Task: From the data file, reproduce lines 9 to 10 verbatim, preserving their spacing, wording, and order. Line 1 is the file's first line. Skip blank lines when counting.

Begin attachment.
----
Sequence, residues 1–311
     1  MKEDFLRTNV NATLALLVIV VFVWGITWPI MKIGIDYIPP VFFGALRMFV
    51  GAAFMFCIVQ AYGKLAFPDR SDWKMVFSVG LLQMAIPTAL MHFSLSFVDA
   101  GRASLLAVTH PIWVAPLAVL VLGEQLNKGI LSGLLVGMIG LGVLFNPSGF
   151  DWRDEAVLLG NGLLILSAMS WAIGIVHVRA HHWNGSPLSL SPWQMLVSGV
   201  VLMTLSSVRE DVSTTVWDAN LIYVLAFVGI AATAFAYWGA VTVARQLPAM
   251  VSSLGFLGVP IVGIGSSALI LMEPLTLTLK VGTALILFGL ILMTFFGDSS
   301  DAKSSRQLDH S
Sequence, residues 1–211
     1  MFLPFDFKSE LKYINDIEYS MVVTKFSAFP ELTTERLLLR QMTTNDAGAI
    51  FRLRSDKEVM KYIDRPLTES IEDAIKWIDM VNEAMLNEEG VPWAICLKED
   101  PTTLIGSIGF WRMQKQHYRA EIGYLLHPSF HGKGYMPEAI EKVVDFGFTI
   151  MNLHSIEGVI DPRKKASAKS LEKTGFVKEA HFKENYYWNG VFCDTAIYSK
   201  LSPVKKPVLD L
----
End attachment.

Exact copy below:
Sequence, residues 1–211
     1  MFLPFDFKSE LKYINDIEYS MVVTKFSAFP ELTTERLLLR QMTTNDAGAI